In what is surely going to be one of the most beautiful venues to play basketball in the country, the Sacramento Kings unveiled their new arena design, as reported by the Sacramento Bee.
The Sacramento Kings unveiled final drawings of their planned $448 million downtown arena Monday, depicting a see-through building they say captures what is quintessentially Sacramento, without looking quite like anything else that has been built here.
Following their vow to create an indoor-outdoor building that does justice to Sacramento’s warm climate, team architects gave the arena a half-block-long front entry dominated by five glass aircraft hangar doors that can fold upward to create a five-story opening, allowing people in the arena plaza and even motorists on nearby J Street to see directly into the facility.
The structure’s facade is a distinctive silvery-white series of vertical panels made out of patterned glass, perforated, see-through aluminum, and Sierra limestone.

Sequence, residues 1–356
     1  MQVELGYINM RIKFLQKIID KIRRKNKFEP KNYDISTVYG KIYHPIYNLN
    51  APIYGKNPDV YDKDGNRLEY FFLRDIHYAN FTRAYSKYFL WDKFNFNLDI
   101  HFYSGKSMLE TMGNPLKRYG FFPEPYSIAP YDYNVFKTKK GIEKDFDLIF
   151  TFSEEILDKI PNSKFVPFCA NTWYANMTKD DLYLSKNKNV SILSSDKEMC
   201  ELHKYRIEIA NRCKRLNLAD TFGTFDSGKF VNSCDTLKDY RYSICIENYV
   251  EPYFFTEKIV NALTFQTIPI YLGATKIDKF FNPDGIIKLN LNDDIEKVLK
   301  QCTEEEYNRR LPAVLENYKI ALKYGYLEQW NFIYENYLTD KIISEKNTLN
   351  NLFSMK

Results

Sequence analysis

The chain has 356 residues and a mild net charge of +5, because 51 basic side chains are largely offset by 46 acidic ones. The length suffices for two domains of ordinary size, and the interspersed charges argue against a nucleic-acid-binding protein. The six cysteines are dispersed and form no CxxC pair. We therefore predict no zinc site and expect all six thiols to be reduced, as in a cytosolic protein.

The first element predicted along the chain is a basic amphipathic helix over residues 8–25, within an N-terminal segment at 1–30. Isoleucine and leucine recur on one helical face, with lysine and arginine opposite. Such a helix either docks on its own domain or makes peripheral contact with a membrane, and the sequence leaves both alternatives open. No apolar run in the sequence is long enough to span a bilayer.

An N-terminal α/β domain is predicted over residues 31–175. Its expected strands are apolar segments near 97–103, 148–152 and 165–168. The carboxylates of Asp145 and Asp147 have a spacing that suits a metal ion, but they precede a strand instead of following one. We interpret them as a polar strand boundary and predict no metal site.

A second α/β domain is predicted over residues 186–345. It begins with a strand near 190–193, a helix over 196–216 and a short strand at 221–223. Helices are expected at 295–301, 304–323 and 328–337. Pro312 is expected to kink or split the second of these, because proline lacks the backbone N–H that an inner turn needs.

The adjacent public plaza is envisioned as a microcosm of the region’s agriculture and outdoor lifestyle, with tomatoes growing in hydroponic gardens, an outdoor grandstand or grassy amphitheater facing the arena’s open face, and a sunken area, called a “bosque,” lined with almond trees. The arena’s facade patterns – or fritting – will depict leaves and trees.
“We’re trying to blur the lines between arena … and public space,” Kings President Chris Granger said Monday, showing the drawings to The Sacramento Bee.
Mark Friedman, a Sacramento developer and part owner of the Kings, said the building’s see-through design is a combination of classic and modern, “something that doesn’t look like anything else. The building is alive and it breathes.”
“When you look around Sacramento, we don’t really have a great architectural tradition,” he said. “I think this shows a new architectural direction forward for the community.”
Retrieved January 28, 2014 from http://www.sacbee.com/2014/01/28/6106519/sacramento-kings-unveil-final.html